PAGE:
Another reason for a discount to NAV can be because the area the trust invests is not doing well. If it does not improve the discount is likely to remain – even if the trust has a really good manager there is only so much they can do if they have to invest in this given area.
A discount to NAV can also be an indication that something is going wrong in which case it is definitely not a bargain. Maybe underlying investments that account for a substantial part of its assets have blown up, it has excessively high levels of debt or expensive debt, or its manager who has been doing a great job has left and is being replaced by someone whose reputation is yet to be proved.
Not buying trusts trading at a discount to NAV
Investment trusts do not always trade at a discount to NAV for a bad reason, so look out for opportunities, bearing in mind that they are rare and some of the issues outlined above are more likely to be the reason for a discount.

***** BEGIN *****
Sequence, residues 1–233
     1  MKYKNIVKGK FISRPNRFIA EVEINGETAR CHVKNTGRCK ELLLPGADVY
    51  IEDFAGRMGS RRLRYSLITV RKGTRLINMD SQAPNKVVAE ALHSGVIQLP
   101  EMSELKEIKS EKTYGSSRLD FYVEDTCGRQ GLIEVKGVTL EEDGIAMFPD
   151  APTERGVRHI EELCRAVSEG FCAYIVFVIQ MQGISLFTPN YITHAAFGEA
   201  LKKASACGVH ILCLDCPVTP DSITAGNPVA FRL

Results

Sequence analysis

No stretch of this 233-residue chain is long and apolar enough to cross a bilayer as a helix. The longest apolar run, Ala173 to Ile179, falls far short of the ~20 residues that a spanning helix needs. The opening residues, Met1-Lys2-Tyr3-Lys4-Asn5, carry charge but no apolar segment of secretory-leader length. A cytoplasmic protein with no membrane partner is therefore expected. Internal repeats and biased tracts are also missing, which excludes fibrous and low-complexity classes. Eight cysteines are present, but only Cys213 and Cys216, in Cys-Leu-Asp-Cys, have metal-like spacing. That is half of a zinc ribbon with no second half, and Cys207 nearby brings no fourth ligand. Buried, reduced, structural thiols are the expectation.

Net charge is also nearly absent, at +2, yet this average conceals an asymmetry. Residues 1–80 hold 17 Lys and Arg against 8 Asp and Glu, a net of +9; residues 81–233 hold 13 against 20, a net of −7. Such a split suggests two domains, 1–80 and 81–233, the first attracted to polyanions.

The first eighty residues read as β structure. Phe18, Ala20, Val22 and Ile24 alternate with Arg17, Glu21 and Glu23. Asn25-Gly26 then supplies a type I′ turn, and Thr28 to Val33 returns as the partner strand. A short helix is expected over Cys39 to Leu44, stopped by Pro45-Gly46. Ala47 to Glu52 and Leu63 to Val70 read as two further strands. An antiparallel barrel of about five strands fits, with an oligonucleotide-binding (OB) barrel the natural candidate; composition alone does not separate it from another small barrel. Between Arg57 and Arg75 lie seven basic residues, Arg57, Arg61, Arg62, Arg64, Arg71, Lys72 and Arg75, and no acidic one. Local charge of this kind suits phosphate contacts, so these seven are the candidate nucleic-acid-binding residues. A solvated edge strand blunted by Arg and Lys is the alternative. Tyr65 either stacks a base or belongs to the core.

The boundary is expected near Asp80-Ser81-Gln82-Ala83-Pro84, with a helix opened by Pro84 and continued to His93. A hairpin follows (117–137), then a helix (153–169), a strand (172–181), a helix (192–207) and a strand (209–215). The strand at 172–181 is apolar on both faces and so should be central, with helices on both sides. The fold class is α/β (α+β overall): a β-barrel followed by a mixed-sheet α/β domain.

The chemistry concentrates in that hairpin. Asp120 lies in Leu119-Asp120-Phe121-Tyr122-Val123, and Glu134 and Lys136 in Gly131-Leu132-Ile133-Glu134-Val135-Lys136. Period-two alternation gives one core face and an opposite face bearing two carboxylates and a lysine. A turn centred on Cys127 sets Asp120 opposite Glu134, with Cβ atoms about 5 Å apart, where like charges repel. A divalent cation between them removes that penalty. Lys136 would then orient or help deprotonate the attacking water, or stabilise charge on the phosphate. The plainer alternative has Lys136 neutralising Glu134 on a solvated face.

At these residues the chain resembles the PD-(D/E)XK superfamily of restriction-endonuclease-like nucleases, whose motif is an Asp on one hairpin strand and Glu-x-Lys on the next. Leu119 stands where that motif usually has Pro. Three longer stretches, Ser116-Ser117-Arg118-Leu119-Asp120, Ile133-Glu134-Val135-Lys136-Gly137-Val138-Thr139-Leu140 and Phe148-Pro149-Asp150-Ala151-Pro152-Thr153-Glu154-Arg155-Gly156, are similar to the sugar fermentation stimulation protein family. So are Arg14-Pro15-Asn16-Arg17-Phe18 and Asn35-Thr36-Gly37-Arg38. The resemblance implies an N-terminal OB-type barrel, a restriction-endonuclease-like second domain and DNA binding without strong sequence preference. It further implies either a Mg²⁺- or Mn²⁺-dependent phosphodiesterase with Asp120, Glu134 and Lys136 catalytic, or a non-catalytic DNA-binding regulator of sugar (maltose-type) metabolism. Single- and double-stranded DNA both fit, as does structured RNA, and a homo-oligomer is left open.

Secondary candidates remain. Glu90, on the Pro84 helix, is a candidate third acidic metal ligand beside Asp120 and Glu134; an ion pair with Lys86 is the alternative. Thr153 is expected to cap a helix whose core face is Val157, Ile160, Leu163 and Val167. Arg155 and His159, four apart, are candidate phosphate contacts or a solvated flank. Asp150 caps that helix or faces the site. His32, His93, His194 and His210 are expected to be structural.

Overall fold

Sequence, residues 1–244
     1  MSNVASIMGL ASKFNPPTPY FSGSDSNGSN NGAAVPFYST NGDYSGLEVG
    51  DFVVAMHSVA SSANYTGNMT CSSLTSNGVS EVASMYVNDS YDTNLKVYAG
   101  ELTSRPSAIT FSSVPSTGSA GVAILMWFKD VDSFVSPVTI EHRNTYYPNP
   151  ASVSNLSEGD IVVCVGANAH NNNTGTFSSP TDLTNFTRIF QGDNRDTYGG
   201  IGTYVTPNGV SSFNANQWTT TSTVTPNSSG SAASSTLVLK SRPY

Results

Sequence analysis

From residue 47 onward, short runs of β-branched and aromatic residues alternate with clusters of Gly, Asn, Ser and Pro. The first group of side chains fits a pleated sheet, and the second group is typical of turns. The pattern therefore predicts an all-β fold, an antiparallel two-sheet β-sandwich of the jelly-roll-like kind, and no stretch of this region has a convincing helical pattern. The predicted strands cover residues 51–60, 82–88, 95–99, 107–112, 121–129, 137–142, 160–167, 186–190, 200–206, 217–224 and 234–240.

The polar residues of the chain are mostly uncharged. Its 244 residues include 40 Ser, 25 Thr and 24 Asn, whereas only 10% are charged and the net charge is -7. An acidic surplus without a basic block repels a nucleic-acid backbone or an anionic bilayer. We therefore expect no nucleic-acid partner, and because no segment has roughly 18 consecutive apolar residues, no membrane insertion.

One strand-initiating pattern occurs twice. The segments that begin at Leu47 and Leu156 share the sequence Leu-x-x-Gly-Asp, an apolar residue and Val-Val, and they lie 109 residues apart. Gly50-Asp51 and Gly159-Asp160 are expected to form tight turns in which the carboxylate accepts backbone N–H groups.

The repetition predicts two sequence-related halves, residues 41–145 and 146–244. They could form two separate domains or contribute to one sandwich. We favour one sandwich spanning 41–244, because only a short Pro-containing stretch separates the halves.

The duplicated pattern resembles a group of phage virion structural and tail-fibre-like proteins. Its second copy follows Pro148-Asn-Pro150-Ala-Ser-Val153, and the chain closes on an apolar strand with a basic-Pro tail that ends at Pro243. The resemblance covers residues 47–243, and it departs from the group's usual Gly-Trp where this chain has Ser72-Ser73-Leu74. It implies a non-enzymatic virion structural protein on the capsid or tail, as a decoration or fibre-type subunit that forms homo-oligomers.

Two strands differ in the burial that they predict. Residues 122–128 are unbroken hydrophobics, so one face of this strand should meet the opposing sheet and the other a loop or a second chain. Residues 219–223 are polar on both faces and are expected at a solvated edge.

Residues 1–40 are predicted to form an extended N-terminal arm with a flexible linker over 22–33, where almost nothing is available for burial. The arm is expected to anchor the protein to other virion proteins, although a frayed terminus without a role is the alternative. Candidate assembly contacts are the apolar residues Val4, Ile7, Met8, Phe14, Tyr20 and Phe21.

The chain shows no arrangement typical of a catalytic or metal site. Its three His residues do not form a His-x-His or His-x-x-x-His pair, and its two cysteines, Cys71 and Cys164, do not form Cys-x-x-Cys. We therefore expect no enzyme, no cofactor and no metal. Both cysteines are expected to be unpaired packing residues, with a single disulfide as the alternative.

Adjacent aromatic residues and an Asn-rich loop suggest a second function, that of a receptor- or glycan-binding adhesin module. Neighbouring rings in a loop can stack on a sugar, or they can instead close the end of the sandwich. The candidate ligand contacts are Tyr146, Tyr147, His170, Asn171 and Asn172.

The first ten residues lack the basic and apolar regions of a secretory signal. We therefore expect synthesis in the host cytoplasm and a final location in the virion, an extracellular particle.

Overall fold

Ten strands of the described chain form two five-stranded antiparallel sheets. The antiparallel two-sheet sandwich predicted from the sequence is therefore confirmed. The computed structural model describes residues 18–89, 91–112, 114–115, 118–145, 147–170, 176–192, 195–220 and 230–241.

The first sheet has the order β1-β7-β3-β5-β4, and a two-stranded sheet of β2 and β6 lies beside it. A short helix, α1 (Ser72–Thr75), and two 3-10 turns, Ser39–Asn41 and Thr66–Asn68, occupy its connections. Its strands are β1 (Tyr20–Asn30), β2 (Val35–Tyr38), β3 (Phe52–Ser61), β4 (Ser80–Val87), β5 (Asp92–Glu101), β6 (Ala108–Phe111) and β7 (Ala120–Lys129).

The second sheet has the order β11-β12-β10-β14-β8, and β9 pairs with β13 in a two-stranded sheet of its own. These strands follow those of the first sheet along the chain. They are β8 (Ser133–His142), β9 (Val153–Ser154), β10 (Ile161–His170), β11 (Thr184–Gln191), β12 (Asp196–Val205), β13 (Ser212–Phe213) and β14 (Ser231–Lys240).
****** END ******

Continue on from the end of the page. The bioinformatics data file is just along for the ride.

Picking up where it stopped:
For example, if a large institutional investor pulls out of an investment trust this can push it to a discount. An example of this was when insurance company Friends Life decided to divest its investment trust portfolio. These included Witan (WTAN) in which Friends Life had shares worth about £231m, representing around 16 per cent of its share capital. This initially resulted in Witan's discount widening from about 2.4 per cent to 6.7 per cent.
Investors can be overly pessimistic on the area a trust invests in but its performance could improve when sentiment improves.
The trust's manager might have a strong long-term performance record but be going through a bad patch. If they return to form the discount could narrow.